There is a wildly inappropriate scene near the beginning of this book, FYI, so I'll aim this firmly at the older teens, but otherwise, neat premise.
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The Legionary Chronicles by Adam Nichols

Gaius, an ordinary sheep herder living in the countryside, has always longed to be a soldier in the Roman army. He gets his chance when he attracts the attention of a passing proconsul, who turns out to be Caesar himself. At Caesar's invitation, Gaius joins the Roman army, eager to fight exciting battles, avenge his father and find his fortune. Sure enough, his legion is soon engaged in all sorts of bloody battles, with Gaius and his friends often finding themselves fighting for their lives. But the battles are not Gaius' only concern. He's barely stepped into camp when he runs into Lanius, another soldier who immediately takes a disliking to Gaius. When he discovers a sword protruding from his bed after Lanius sneaks into his tent, he can't help but suspect Lanius' intentions are more sinister than he first thought.

I personally like to read historical fiction once in a while -- though the only other title I've read with a setting in Ancient Rome is the Eagle of the Ninth by Rosemary Sutcliff back in university. I do remember enjoying the action and plot in the book, so I was interested in trying this series by Adam Nichols.

The first book of the series, War in Gaul, has a bit of a slow start and I found myself anxiously waiting for some serious action in the battlefield. There's a fair bit of conversation and description of the various characters and warring nations and it's not until near the middle of the book that you see the first large scale battle -- and Gaius ends up watching it, rather than actively participating. The book is written in old 'Roman speak', which helps to establish the era and culture, but has the potential to make things more tedious to read. That said, things steadily pick up after that, and Gaius has some exciting encounters with enemies trying to hack him up with various weaponry. The scenes are quite descriptive at times as well, and give a glimpse of the horrible, chaotic massacre the battles really were. There are plenty of historical, geographical and religious references in the story that are explained by footnotes at the end of each chapter. It was good to have these at this location instead of within the text, because I'm sure so many details would really bog down the plot.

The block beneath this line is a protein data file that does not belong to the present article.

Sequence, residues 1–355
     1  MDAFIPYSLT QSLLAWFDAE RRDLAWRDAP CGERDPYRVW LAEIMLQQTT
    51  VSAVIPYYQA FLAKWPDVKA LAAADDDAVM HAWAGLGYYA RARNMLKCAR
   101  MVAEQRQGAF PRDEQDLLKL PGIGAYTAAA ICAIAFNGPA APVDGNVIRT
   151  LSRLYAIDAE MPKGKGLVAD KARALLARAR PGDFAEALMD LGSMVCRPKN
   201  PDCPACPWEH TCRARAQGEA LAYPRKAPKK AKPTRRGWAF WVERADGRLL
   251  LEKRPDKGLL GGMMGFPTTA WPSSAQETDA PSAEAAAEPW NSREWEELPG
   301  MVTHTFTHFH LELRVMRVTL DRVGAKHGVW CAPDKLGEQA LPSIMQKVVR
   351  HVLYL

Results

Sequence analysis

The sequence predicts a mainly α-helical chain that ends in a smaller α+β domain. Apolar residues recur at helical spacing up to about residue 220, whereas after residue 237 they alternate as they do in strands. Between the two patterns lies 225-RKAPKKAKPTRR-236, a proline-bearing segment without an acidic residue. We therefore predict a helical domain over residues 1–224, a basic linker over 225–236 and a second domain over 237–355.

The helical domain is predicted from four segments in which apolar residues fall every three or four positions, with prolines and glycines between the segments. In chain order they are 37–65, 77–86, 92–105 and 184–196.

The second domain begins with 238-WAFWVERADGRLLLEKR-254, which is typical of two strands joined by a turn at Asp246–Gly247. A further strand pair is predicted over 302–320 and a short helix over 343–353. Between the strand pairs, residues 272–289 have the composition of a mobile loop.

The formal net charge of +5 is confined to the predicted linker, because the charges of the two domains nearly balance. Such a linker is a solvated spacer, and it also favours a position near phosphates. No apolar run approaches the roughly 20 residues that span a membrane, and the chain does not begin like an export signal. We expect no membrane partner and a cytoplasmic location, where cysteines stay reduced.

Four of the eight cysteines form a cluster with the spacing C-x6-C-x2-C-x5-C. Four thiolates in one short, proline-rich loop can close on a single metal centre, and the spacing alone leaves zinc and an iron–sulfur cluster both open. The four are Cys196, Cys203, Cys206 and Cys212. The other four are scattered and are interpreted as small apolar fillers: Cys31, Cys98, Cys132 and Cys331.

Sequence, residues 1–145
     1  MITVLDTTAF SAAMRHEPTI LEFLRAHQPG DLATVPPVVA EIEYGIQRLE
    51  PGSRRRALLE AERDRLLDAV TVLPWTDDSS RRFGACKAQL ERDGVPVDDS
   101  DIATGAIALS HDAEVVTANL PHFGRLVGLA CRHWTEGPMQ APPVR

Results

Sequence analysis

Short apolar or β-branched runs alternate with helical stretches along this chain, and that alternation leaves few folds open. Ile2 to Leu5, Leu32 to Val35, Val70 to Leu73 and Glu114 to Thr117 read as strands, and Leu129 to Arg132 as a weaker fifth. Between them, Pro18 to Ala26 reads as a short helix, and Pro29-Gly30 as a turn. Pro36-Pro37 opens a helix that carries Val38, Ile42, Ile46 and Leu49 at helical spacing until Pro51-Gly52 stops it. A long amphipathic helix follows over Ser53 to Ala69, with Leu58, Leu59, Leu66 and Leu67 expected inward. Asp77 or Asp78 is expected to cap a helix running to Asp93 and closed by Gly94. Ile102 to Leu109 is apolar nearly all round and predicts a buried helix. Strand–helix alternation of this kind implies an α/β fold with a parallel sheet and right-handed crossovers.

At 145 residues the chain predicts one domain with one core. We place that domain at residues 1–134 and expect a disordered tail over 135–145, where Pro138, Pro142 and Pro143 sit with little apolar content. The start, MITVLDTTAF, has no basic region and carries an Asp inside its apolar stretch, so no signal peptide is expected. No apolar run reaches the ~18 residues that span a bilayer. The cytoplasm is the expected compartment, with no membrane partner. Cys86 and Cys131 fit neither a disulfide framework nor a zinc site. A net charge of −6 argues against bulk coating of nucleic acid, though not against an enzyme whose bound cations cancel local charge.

I found the second book, The Golden Eagle, to be more interesting, mainly because the plot moved faster -- but I am still waiting for events and characters to come together to build and reach a real climax. Lanius is definitely a mysterious character that I hope will continue to add intrigue and an extra layer of complexity to the story.

I think this series will appeal to teens who are looking for historical fiction that gives a real sense of the era in which it takes place. And once they hit the bits with swords hacking and spears flying, they might want to read the entire series.

Check out the Legionary Chronicles on Adam Nichols' amazon page



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Blog Tour: SYLO by D. J. MacHale

Thank you for stopping by our blog for the SYLO tour.

The first one to die was Marty. He was playing football and dropped dead in the middle of the game. The second one was Mr. Nelson. He was competing in the sailboat race, lost control and crashed.  Before the third tragedy happens, the US military branch SYLO moves in and the residents of Pemberwick Island watches the president declares their home a quarantine zone on TV. They have found a deadly virus.

But is it really a virus? Tucker is not so sure. He saw things that just didn't add up. Strange explosion over the sea. Weird planes that make musical noises. A shifty guy offering him a red crystal-like drug that gives you super strengths. And when Tucker witnesses Captain Granger, the leader of SYLO, gunning down and killing a resident, he knows this can't be about a virus.

This is the first book in the new SYLO trilogy by Pendragon author D. J. MacHale. It has all the much sought after elements for a book that will appeal to boys: action, mystery, best pal, action, fighter planes, explosions, action, conspiracy, action, missiles, narrow escape, action, betrayal. Oh did I mention action? Readers will breeze through the book also because of its easy going writing. The characters are a little inconsistent in their behaviour sometimes, but likable. My only quibble is that it suffers from the "first book syndrome". Too many things are held in suspense for the next book, and I'm sure the characters will agree with me that we need at least a few answers to make this a satisfying read. Much like Steven's complaint about the James Dashner books, too much "I'll tell you later".

SYLO will be published on July 2. Thank you again to Razorbill for arranging this blog tour and providing us with an advanced copy.